Kids in hot cars - Preventing children from dying of heatstroke

Prevent another child from dying of heatstroke a hot car! The National Heatstroke Prevention Day is organizing education for the community about the dangers of leaving children in hot cars, on July 31.

Responding to a call for a child dying of heatstroke in a hot car is one of those events that EMS and other public safety professionals never forget and those who haven’t experienced it hope they never do. Since 1998, more than 800 children have died in hot cars in the U.S., including 52 in 2018. On average, one child dies from heatstroke inside a vehicle nearly every 10 days in the U.S.

Dying of heatstroke, where’s the baby

Most cases occur when a child is mistakenly left inside or gets into a vehicle unattended – and then becomes trapped. It doesn’t take an especially hot day for a child dying of heatstroke. When the outside temperature is as low as 60°F degrees, the temperature inside a vehicle can reach all the way up to 110°F degrees. If a child’s body temperature reaches 107°F degrees, that child will probably die.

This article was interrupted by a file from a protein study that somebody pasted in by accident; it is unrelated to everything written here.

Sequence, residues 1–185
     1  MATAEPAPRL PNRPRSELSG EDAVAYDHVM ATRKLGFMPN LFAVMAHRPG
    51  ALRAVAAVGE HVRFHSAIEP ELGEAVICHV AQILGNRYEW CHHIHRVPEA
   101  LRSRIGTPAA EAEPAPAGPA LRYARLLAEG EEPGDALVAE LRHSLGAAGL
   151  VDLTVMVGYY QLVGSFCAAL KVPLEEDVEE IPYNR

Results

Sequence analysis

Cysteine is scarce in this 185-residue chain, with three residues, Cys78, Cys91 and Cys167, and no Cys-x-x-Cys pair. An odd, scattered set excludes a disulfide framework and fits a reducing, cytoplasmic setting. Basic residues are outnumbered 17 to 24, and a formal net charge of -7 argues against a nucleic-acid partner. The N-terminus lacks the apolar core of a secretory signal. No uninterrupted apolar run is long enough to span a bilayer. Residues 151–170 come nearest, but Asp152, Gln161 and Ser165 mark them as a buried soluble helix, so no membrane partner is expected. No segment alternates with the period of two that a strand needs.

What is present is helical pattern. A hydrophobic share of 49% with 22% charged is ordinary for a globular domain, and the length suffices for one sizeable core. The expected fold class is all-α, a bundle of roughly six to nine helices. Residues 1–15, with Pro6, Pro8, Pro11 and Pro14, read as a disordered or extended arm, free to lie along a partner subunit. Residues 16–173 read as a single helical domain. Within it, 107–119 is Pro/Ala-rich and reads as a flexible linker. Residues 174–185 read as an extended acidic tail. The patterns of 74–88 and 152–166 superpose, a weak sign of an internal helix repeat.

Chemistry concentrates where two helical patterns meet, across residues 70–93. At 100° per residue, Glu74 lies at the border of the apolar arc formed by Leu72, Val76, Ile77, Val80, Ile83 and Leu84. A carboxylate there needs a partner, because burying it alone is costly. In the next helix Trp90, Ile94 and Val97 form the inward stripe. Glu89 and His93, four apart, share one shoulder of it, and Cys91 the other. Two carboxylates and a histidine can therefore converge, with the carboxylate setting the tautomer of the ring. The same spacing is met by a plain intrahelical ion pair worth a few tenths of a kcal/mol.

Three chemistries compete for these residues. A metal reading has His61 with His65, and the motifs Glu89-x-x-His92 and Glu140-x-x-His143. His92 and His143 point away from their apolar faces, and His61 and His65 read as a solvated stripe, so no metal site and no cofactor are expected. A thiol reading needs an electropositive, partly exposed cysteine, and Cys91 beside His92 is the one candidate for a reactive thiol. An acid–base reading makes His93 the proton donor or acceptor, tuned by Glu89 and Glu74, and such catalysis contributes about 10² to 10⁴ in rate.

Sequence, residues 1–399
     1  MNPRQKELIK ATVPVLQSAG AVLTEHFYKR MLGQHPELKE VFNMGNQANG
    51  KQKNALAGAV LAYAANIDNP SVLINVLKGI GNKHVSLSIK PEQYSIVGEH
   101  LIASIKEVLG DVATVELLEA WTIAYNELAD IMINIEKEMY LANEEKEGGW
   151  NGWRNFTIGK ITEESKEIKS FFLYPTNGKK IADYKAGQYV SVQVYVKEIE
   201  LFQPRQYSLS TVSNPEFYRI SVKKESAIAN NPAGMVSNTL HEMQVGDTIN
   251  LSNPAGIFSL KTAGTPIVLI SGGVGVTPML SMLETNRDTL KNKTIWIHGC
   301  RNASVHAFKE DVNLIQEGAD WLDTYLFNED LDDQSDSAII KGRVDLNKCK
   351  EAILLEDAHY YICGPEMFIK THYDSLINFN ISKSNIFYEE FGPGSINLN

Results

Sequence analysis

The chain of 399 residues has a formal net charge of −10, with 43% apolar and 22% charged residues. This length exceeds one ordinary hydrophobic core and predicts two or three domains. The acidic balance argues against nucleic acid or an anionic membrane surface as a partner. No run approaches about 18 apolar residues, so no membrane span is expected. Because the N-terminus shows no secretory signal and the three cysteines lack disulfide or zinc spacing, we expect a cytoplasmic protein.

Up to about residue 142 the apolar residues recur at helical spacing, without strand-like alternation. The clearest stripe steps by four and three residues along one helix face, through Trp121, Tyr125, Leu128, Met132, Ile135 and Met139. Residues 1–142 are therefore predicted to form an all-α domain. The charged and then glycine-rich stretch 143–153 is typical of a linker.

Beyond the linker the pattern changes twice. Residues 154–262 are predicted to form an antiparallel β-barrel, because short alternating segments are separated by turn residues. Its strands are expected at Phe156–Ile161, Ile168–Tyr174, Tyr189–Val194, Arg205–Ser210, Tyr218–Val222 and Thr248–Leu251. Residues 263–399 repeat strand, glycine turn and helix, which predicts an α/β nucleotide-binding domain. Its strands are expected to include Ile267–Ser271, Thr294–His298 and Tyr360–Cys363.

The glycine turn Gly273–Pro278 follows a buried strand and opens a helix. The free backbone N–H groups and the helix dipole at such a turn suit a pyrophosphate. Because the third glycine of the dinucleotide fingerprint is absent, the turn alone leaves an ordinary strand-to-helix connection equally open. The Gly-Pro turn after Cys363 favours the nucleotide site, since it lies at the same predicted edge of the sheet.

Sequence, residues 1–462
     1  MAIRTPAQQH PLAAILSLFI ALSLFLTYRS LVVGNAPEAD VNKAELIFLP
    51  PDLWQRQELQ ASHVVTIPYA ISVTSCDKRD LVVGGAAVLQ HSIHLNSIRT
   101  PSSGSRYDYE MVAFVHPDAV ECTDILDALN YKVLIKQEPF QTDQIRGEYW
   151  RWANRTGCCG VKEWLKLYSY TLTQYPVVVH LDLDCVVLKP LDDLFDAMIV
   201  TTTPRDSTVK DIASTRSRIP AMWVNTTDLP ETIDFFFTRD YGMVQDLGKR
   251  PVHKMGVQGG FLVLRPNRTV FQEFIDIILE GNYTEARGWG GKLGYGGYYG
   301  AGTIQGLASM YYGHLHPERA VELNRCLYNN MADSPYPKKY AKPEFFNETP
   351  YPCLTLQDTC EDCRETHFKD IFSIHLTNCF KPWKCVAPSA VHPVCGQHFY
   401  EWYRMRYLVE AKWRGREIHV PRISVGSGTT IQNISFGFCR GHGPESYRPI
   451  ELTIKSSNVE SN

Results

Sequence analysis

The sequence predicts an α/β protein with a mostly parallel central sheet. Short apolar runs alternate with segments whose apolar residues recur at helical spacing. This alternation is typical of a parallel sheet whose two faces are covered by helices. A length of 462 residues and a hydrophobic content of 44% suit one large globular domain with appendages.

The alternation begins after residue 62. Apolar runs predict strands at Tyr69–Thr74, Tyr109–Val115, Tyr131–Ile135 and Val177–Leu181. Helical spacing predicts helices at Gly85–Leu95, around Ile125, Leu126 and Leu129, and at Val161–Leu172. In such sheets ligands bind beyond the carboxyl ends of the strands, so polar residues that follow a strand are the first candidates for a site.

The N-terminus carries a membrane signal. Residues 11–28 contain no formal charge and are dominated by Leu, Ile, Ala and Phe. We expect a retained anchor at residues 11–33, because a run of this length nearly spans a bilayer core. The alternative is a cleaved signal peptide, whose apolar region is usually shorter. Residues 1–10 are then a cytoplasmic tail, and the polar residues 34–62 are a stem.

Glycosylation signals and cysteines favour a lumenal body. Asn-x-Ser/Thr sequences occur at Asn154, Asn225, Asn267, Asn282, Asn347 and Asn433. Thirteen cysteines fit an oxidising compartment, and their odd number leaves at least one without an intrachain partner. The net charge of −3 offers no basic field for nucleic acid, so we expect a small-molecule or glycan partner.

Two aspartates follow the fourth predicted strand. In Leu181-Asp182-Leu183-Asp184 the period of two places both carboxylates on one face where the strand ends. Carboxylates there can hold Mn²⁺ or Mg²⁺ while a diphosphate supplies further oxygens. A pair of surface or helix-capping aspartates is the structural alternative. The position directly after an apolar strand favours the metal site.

The Office of EMS encourages the community to join NHTSA’s efforts to educate parents, caregivers and the public by sharing campaign materials available on NHTSA’s page and remembering to #checkforbaby on and off the clock on social channels.

To promote further social awareness and amplify the conversation about this vitally important safety issue, NHTSA will host a “Tweet-Up” on National Heatstroke Prevention Day. Every 15 minutes, beginning at 7 a.m. ET on July 31, NHTSA officials will post stats, prevention tips awareness messages using the hashtags #heatstrokekills and #checkforbaby on all the agency’s social media channels. Share these messages with your colleagues and community members to make sure they know the dangers of heatstroke.



Child heatstroke: Act Fast. Save a Life


Where’s baby? – The American campaign to avoid forgotten children into cars

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